How Fast does Snake Plant Grow? The first thing that comes to mind is. Snake plants, also known as Sansevierias, are one of them. Snake plants check off many boxes on the “plant grim reaper” list, but you may have questions, like how fast do they grow?
The Growth Rate of Snake Plants
Snake plants tend to grow fairly slowly in moderate or indoor light. Boosting the amount of sunlight can cause the snake plant to grow rapidly if grown in the right conditions.
It depends on the type of Sansevieria that you plant about how tall and wide it will grow.
There are many varieties of S. There is a plant called Mother-in-Law’s tongue , trifaciata laurentii. The stems, roots, and leaves of the plant have long, straight, sharp leaves.
How Fast Does Snake Plant Grow?
Summer is the growing season for snake plants, when they grow rapidly. The snake plant, however, does not grow during its dormancy period (Winter). Please do not be surprised if that is the case. Snake plants will grow at varying rates, but these are the general numbers.
Snake plant is considered a slow-growing plant. Each growing season, a snake plant produces two to three new leaves. The plant remains dormant through the fall and winter. Snake plants grow at different rates depending on the species and other factors like light intensity, humidity, temperature, etc.
Providing the snake plants with ideal growing conditions leads to rapid growth and good foliage. Our plant will need some nurturing, though.
Although the mother-in-law’s tongue plant is popular with beginners thanks to its lack of care and forgetful growers, if you wish to grow it, you must watch for it.
Here we’ll discuss how to grow a bushy snake plant, including factors that affect its growth.
Snake Plant Size
Snake plants vary in size based on various factors, but plant species is the most important factor.
S. is one of these species. There is a range in size between 2-3 feet for trifaciata laurentii, which can grow up to 5 feet. On the other hand, S.trifaciata hanhii doesn’t grow beyond a foot.
The following table shows the average size of some common snake plants.
Amount of time plants spend growing
S. trifaciata laurentii 2-3 feet
S. trifaciata 2-3 feet
S. cylindrica 5-7 feet
S.trifaciata hanhii 6-8 inches
How to Stunt the Growth of a Snake Plant
You can urge your snake plant to grow in a specific direction by managing its growth. A variety of factors can cause development to be stunted in any variety. Clipping the tip off a leaf is the simplest technique to prevent it from growing any higher.
The Sansevieria’s leaves generate a hormone that supports upward development, and when the tips of the leaves are clipped off, that hormone is no longer secreted. As a result, the leaf stops growing upward.
The Sansevieria’s outward expansion can also be stunted. This is accomplished by the size of the pot in which it is planted.
The roots of the plant will be forced to contain themselves to a smaller area if the pot is too small. Snake plants cannot move outward or grow additional leaves away from the soil at the base of the plant.
If you want your snake plant to grow, it should be repotted every few years. Snake plants do not mind having their roots bound in smaller pots (see my post for how to resolve this issue) but they do need to be contained more often.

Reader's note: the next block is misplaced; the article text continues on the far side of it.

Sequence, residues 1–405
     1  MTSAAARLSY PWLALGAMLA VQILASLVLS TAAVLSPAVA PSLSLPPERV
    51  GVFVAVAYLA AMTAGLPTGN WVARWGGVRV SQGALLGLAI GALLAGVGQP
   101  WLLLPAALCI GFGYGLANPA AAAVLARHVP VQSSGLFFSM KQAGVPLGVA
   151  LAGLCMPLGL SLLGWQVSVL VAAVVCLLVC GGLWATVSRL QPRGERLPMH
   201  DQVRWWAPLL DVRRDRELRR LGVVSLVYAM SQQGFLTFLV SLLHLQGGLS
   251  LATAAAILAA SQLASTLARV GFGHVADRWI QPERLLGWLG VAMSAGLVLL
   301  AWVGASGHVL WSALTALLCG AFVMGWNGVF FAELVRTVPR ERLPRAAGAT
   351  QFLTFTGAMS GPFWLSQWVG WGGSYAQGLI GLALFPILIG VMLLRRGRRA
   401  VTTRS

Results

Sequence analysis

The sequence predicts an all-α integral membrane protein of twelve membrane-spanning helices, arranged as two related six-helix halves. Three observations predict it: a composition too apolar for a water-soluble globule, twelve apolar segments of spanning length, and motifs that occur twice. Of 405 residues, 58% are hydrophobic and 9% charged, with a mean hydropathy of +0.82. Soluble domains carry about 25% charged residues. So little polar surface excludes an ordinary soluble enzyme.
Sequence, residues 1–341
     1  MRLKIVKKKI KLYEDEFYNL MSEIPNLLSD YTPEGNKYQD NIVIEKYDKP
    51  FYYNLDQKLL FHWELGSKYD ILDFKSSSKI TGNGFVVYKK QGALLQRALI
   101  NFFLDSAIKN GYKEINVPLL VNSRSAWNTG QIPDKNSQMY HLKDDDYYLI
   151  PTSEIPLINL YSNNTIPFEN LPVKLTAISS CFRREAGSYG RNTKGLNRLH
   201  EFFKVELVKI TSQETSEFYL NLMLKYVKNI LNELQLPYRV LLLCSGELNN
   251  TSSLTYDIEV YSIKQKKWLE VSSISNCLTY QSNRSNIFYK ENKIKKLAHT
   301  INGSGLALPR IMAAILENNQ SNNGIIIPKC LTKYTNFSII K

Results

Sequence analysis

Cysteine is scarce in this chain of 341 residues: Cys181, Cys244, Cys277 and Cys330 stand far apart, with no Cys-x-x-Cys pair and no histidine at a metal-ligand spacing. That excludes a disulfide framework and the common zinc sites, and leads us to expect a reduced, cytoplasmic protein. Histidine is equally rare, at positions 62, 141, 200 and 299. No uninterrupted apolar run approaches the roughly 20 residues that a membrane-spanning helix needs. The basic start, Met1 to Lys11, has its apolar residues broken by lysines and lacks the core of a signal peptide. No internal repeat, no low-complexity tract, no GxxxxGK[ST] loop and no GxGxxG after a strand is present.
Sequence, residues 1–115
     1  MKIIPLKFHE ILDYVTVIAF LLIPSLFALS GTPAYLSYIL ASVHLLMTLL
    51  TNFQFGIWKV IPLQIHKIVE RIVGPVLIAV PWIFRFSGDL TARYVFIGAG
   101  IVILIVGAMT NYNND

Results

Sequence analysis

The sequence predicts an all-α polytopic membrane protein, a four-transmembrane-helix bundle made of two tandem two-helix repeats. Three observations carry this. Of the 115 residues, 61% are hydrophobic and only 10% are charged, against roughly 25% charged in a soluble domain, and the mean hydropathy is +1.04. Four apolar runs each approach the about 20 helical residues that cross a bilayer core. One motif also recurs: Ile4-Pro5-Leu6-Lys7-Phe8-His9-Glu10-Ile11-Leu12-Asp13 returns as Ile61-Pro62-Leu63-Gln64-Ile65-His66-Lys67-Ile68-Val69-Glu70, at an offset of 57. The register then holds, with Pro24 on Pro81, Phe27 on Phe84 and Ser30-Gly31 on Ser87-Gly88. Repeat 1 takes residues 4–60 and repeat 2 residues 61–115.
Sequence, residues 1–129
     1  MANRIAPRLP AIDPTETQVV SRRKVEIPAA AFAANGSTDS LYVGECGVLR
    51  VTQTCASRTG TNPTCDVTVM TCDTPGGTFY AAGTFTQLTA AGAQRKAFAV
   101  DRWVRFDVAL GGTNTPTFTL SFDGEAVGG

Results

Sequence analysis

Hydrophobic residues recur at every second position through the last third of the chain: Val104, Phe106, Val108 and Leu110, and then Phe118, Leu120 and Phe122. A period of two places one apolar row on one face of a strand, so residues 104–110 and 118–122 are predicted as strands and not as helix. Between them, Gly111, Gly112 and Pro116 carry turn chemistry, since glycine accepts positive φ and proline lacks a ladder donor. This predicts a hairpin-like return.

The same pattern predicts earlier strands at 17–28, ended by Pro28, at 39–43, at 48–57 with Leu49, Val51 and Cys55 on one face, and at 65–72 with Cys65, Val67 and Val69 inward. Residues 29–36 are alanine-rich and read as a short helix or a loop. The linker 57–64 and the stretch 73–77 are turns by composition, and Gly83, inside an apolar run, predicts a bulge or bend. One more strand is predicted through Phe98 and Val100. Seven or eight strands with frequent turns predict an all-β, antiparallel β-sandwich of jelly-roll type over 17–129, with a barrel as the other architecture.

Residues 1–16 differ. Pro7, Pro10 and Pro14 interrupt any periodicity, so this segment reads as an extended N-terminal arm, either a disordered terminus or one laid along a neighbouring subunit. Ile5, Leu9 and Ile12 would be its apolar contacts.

It can even get to the point of splitting or breaking the pot with its roots if it’s in a clay pot.
Before replanting, some gardeners may wait for the Sansevieria to shatter the pot.
On the other hand, depending on the type of unwanted growth, there are numerous options for dealing with it.
If undesirable external growth occurs, just divide the snake plant and discard the unwanted leaves.
If you want to keep many plants, you can split the divided plants and put them in separate pots. They are good at dividing because they have a rhizome root system.
A rhizome is a horizontal root system that permits new shoots or leaves to emerge from the soil while remaining horizontal.
Cutting the rhizome between shoots allows for the development of two distinct plants from the two portions.
The rhizome of the Spear Sansevieria grows in a basal rosette, which causes the leaves to grow near to the center, giving it its fan-like splay of leaves.
You can also just trim the leaf at the desired height if there is undesirable upward growth. The leaf will not grow any further. The chopped sections can then be discarded.
You can also utilize the cut sections to grow new snake plants. It will be essential to cut the leaves into smaller pieces, around 2-3 inches apiece, in order to accomplish this.
After that, the chopped leaves must be allowed to dry for a day or two until the margins are no longer moist. You can then replicate them by pushing them into the soil in a new container.
Make sure the leaf in the new pot faces the same way it did in the old one, i.e. the end that was facing the roots is now in the dirt. They’ll soon be able to establish new roots.
If you do this with S. trifaciata laurentii, the yellow stripes down the sides of the leaves will most certainly disappear. It will revert to the S. trifaciata variety’s appearance, which is completely “snakeskin” green with no yellow.
The only method to maintain the yellow sides of the S. trifaciata laurentii is to divide it.
You can force your Sansevieria to bloom if you control both upward and outward growth. The snake plant will try to propagate elsewhere if it doesn’t have a way to grow in either direction.
Although the Sansevieria does not bloom frequently, this is a plausible strategy to encourage it to do so while putting relatively minor stress to the plant.
The plant will most likely stop producing new leaves once it has bloomed.